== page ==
Controlling your anger at slow drivers
I don’t derive sadistic pleasure from picking on my friends.
From time to time I stumble upon a column topic when a friend shares a driving experience with me.
The views I express in my column are not always complimentary about the friend’s driving behaviour, nor driving attitude.
It doesn’t happen often enough, I don’t think, that those close to me are cautious about what they share with me in casual conversation.
While I am not shy about naming names in my column, I do protect a friend’s identity when using them for column topics. Only those close to me could figure out who they are.
I’ve got a bit of an exception this time, and I confess that I’m feeling a bit nervous about it. See, even without actually naming her, by referring to her as “my wife” I am considerably narrowing who I could be referring to.
Totally aside from the prospect of having to set up a mattress in the shed for a few days, I rely quite heavily on my wife to help me brainstorm column topics and I’d hate to do anything to compromise her willingness to continue doing so.
It was exactly in the context of trying to be helpful when I got the call.
She was calling from her vehicle. Yes, hands free, but she knows my opinions about that. Talking on a cell phone while driving is dangerous, regardless of whether or not you are using a hands free device.
It’s not your lack of access to the hand holding a handheld device that’s dangerous; it’s your lack of access to that part of your brain engaging in a conversation that is the problem.
And yes, it is different from talking to someone who is in the vehicle with you. Do some research on the subject if you don’t believe me.
She had called excited about having a column topic for me, though I don’t know if her tone of voice at the time could better be described as “irritated” instead of “excited”.
“You should write about the danger caused by people driving too slow and causing road rage”.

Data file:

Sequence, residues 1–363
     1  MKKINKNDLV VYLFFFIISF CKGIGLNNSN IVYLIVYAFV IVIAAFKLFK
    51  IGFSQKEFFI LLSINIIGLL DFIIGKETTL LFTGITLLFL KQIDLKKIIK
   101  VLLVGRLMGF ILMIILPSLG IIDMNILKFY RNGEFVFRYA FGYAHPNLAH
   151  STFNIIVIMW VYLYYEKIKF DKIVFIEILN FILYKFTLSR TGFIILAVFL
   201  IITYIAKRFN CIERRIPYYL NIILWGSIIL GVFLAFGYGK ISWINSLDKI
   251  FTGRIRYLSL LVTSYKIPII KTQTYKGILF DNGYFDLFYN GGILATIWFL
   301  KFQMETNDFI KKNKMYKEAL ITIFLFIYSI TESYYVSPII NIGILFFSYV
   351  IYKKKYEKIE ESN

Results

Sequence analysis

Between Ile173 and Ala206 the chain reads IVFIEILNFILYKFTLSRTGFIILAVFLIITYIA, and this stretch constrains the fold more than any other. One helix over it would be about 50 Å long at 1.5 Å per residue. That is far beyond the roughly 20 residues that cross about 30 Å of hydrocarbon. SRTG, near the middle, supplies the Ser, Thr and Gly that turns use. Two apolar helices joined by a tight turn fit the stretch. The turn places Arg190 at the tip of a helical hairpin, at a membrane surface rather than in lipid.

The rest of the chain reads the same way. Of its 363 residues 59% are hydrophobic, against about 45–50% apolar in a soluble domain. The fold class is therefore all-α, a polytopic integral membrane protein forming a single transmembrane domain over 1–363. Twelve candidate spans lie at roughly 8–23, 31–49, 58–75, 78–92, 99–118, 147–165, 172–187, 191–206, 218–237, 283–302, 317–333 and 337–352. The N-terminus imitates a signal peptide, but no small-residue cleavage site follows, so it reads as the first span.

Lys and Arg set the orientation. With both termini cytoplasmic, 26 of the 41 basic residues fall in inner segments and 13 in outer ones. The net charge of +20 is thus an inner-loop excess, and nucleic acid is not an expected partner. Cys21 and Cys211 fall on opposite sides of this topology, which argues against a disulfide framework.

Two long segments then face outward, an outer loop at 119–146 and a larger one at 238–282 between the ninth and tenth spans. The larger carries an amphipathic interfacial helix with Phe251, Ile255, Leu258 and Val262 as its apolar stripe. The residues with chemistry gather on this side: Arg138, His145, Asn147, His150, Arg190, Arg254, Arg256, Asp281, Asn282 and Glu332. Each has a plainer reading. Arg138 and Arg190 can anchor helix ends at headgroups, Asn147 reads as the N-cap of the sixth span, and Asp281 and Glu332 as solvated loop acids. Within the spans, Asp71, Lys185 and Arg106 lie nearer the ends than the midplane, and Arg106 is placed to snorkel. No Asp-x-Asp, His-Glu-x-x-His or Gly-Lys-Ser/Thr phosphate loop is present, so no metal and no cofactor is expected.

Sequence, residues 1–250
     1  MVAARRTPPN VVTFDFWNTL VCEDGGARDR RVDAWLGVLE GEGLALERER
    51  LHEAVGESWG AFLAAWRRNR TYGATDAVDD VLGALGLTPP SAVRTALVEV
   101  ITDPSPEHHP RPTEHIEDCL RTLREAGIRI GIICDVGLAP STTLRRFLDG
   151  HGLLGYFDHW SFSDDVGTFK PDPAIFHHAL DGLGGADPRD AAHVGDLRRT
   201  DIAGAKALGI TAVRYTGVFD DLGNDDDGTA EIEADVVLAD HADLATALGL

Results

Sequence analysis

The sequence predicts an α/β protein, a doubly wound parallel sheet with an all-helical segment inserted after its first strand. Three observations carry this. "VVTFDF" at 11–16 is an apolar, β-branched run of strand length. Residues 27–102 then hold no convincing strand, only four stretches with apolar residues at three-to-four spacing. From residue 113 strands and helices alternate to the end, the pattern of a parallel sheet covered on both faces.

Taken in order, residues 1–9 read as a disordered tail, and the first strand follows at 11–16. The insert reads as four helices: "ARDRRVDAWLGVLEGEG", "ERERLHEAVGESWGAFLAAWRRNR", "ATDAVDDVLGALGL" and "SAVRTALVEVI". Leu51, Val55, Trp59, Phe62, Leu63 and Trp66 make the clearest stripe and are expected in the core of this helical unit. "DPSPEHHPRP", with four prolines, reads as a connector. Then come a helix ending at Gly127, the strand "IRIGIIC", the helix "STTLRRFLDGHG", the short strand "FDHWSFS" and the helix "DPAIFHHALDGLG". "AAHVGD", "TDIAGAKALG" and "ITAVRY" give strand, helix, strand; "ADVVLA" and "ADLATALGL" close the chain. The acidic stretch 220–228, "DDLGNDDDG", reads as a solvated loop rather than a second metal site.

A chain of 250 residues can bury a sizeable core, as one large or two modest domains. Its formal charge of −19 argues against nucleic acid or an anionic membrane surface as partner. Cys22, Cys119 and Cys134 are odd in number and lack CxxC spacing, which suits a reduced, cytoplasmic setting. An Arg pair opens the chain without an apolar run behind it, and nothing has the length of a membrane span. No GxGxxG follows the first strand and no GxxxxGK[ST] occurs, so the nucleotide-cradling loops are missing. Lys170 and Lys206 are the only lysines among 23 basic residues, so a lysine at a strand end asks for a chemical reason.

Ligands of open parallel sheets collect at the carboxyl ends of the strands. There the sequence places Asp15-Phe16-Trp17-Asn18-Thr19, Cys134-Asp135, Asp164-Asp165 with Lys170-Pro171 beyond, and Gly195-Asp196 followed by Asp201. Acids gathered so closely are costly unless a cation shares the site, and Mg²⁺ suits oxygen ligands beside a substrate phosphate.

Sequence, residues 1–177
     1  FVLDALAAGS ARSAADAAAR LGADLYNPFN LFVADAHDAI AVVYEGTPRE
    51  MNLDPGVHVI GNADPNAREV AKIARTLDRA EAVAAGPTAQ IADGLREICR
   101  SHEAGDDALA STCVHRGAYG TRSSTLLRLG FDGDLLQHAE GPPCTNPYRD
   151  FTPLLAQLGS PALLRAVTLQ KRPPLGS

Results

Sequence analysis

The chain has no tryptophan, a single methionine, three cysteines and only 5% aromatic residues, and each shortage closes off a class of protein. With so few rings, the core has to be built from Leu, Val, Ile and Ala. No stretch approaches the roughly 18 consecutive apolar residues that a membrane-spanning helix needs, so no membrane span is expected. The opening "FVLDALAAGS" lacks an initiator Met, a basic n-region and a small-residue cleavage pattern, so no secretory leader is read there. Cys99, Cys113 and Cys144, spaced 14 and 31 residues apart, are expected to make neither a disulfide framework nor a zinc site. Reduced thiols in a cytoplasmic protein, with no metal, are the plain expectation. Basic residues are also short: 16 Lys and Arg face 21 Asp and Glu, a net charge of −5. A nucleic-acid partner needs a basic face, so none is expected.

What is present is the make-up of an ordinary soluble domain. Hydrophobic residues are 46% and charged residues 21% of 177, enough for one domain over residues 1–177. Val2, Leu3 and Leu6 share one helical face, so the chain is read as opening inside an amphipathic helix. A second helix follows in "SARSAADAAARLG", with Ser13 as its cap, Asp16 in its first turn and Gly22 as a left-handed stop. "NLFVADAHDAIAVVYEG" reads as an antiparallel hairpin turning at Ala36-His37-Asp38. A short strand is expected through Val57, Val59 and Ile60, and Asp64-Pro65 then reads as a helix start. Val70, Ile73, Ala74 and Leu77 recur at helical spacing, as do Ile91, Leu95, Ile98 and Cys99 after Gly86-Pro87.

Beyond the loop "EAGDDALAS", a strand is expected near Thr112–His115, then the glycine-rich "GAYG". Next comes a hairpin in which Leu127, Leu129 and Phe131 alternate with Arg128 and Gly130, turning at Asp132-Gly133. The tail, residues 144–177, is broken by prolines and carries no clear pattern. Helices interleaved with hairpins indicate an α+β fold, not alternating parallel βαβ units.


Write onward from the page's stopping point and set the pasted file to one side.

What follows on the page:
My wife had been following someone driving 40 kms/hour in a 50 kms/hour zone, the slow driver clearly unsure of where he or she was going, slowing at intersections to read street signs.
She had been sufficiently irritated by the slow driver to use the expression “road rage” when suggesting the column topic to me, though I trust that she had been able to contain her feelings so as not to result in any road rage driving behaviour.
Can you see how I could not resist this column topic?
Driving 40 in a 50 zone is not dangerous. Allowing yourself to become agitated because you are held back from driving the posted speed limit: now that’s dangerous.
I brought up my wife’s suggested column topic with friends a few evenings ago, to tease my wife. A friend told of recently seeing a pick-up truck riding the back wheel of a scooter that was at its full speed, 70 kms/hour, in the fast lane between Kelowna and Westbank. The scooter had temporarily gone into the fast lane to pass even slower traffic.
The pick-up driver was irritated by being temporarily held back from the typically 90 kms/hour plus flow of traffic along that stretch of highway (posted limit 80 kms/hour). He showed his irritation by putting the scooter driver’s life in danger.
What is it that leads many of us to have those intense feelings of irritation when another driver temporarily holds us back?
More importantly, how can we ever allow those feelings to cause us to behave in such dangerous ways?
I challenge us all to be conscious of feelings of impatience and aggravation when driving. Consciously recognizing those feelings as they come on might be a good first step. As they arise, perhaps we can consider rationally how irrational those feelings are!
Perhaps a local psychologist might step in with a letter to the Editor. I can see the problem, but I have zero psychological expertise to recommend how to fix it! Perhaps some group counselling sessions might be in order.
Published October 13, 2011 in the Kelowna Capital News